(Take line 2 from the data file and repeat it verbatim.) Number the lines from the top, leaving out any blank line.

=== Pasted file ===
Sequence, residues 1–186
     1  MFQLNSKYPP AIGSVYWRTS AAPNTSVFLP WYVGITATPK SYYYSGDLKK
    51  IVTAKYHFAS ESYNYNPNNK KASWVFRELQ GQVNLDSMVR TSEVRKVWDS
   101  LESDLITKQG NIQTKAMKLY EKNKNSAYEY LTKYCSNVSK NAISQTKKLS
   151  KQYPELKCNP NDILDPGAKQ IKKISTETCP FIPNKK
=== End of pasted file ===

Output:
     1  MFQLNSKYPP AIGSVYWRTS AAPNTSVFLP WYVGITATPK SYYYSGDLKK